Go for talent over need at 30

With most starters in place, Packers can truly afford to select best player available, Packer Report's Doug Ritchay contends

The Green Bay Packers pick 30th in the first round of April's NFL draft, and if recent history tells us anything, the Packers could find anything there from a Pro Bowl-caliber wide receiver or running back to someone who never lived up to the pick.

In the next month, media will ask GM Ted Thompson and coach Mike McCarthy what they want at this spot, and you're not going to like the answer, because it's going to be, "We're going to take the best player available."

At No. 30, you normally don't pick for need, you do pick the best player on your draft board. Of course, there are some exceptions.

It would seem unlikely the Packers would draft a quarterback at 30, because Aaron Rodgers doesn't need to be looking over his back at a potential threat to his position. Rodgers needs a veteran backup who will tutor him and not be a threat long-term, so he can play without thought of being pulled running through his mind.

Outside of quarterback — no reason to mention kicker or punter — it would seem the Packers would pick any other position at No. 30.

Most agree the Packers should pick a cornerback, safety or tight end at 30. That is, if one's worth the pick. But what if a running back slips or a wide receiver?

Ryan Grant is the starter at running back, but anyone who follows the NFL knows every team needs a reliable backup and the Packers lack that right now (sorry Brandon Jackson).

With Donald Driver, Greg Jennings, James Jones and Koren Robinson filling out the top four spots at wide receiver, do the Packers need to spend a first-rounder on a receiver? No. But you can't pass up on talent.

Indianapolis was in that spot in 2001, when it grabbed Reggie Wayne at No. 30. With Marvin Harrison and Edgerrin James already supplying firepower to the offense, Wayne wasn't needed. But the Colts picked him anyway and he has developed into a Pro Bowler.

This is a perfect example of not worrying about the position at 30, but rather the talent.

Recent history tells us the 30th pick will be a player who could do just about anything in the NFL. Among the last 10 drafts, the players picked at 30 were in order from 2007 to 1998: Craig Davis (WR, LSU), Joseph Addai (RB, LSU), Heath Miller (TE, Virginia), Kevin Jones (RB, Va. Tech), Sammy Davis (CB, Texas A&M), Kendall Simmons (G, Auburn), (Wayne, Miami, Fla.), Keith Bulluck (LB, Syracuse), Patrick Kerney (DE, Virginia) and Marcus Nash (WR, Tennessee).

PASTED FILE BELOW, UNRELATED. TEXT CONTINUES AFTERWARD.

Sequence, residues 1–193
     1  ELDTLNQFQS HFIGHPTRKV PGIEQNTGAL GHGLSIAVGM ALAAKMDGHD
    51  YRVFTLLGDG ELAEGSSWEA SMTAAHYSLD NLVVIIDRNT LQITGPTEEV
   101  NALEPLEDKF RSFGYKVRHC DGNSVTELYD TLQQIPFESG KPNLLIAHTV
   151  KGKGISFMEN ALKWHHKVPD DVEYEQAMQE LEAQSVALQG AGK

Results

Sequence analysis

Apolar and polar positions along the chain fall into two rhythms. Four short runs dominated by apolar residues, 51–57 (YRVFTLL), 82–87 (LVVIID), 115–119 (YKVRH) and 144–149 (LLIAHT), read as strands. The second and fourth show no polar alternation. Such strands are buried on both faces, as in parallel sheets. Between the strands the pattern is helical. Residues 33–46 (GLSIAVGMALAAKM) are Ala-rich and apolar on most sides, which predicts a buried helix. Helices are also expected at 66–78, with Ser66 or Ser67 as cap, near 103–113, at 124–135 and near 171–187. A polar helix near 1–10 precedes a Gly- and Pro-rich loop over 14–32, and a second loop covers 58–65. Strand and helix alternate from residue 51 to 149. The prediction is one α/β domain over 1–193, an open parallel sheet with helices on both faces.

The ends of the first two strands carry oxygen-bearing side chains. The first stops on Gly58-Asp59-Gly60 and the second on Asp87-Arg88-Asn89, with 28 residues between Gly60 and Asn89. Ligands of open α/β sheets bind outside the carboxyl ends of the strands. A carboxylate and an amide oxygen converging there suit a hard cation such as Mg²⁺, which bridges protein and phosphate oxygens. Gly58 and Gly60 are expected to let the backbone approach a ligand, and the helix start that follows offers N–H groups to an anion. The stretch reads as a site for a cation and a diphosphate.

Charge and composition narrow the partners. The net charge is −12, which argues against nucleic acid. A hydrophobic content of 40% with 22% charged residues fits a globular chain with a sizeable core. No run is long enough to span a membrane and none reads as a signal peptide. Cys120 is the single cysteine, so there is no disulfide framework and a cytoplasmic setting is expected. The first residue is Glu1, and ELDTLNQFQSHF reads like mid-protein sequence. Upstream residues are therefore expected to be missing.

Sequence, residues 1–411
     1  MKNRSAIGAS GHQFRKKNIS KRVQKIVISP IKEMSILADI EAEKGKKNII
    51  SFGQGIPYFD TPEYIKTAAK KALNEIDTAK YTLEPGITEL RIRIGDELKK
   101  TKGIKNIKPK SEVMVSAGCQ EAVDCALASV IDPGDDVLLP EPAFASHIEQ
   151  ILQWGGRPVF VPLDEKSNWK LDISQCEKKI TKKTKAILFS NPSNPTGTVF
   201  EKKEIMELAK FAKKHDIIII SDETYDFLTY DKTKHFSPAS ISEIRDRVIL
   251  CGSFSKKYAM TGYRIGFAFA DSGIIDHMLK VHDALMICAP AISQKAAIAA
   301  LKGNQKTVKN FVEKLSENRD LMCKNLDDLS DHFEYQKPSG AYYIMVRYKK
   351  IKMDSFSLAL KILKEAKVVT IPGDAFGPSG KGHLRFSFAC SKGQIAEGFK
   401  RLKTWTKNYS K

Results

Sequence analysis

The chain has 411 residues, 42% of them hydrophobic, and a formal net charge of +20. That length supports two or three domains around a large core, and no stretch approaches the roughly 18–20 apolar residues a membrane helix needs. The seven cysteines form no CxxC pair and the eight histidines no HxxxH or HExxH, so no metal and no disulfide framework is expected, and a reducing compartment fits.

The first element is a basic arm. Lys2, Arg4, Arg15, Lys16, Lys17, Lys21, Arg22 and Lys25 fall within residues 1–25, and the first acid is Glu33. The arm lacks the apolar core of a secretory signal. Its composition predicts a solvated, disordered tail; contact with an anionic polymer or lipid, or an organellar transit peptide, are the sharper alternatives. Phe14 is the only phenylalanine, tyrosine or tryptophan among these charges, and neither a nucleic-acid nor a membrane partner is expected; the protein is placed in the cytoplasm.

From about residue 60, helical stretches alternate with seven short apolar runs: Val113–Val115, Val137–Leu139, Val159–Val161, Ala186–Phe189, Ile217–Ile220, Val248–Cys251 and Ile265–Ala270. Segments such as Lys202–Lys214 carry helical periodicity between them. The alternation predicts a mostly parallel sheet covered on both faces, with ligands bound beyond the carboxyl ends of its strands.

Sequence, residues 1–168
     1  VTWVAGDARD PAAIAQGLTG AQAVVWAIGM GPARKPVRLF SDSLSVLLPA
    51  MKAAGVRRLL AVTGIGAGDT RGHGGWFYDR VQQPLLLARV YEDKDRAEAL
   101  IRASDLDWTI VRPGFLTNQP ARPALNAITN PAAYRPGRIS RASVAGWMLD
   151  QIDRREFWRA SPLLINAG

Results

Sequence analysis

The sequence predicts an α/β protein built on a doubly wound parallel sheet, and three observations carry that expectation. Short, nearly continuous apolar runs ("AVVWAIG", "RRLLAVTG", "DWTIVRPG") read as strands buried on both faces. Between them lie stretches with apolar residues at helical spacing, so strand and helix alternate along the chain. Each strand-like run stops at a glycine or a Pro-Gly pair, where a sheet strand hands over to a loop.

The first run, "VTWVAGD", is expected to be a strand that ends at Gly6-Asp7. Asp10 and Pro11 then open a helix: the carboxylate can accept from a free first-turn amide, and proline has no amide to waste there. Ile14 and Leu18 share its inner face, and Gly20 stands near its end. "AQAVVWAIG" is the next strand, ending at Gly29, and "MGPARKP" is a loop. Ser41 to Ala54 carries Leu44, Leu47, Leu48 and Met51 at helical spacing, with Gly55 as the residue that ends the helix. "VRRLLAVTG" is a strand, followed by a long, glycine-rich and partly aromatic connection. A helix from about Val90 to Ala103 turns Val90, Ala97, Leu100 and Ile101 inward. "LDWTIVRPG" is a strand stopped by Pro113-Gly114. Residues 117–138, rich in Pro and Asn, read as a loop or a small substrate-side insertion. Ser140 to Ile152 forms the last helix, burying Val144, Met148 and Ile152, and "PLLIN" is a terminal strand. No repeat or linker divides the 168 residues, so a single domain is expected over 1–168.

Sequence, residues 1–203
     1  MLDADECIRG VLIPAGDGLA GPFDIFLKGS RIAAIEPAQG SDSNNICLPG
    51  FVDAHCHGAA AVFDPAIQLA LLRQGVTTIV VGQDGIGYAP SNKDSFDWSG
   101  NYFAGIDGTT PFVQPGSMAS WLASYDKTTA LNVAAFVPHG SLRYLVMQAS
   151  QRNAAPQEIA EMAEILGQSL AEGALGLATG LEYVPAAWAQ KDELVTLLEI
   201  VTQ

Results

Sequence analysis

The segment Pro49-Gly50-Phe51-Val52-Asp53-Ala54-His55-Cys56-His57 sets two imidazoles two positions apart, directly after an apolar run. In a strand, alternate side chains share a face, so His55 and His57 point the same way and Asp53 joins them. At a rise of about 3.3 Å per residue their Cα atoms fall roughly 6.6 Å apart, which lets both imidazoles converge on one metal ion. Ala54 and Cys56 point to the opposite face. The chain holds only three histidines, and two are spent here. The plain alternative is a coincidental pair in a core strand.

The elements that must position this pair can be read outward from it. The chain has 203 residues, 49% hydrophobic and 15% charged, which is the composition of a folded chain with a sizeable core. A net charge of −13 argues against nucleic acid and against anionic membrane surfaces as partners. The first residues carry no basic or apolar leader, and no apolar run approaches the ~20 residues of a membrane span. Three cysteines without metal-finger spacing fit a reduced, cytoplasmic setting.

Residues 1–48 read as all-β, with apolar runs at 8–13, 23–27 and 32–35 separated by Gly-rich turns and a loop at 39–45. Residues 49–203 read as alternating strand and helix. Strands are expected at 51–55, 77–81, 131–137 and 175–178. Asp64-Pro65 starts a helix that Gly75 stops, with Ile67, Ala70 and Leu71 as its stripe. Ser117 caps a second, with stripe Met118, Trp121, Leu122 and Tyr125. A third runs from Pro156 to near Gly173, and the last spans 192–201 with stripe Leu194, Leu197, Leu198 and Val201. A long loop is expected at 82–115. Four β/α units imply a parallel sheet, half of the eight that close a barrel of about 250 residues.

Addai and Wayne have been integral part to the Colts' success this decade, Miller has been a playmaker for the Steelers, Bulluck has been a Pro Bowler with Tennessee, Kerney has been a Pro Bowler for Atlanta and Seattle, and Simmons has been a good lineman in Pittsburgh.

Craig Davis did little last season, but he's young, Jones has been slowed by injuries, Sammy Davis has been disappointing and traded, and Nash did nothing.

If you go back 11 years, the Packers had the 30th pick in 1997 and selected guard Ross Verba, who had a solid career in Green Bay before leaving in free agency.

Starters can be found at 30, Pro Bowlers can be found at 30 and busts can be found at 30. The deeper a draft goes the more likely you are to miss, though.

Many draftniks have listed who they think will be around at No. 30 for the Packers, and most have penciled in a defensive back. If the Packers find the right fit at defensive back, especially cornerback, they would grab that player in a heartbeat.

However, if the Packers go off the board a little and pick in a position with depth already, don't snap at Thompson and Co. What would you rather have, a player who fits a need but lacks first-round talent, or a player with first-round talent who makes a position deeper?

More talent makes a team better, not filling a need.


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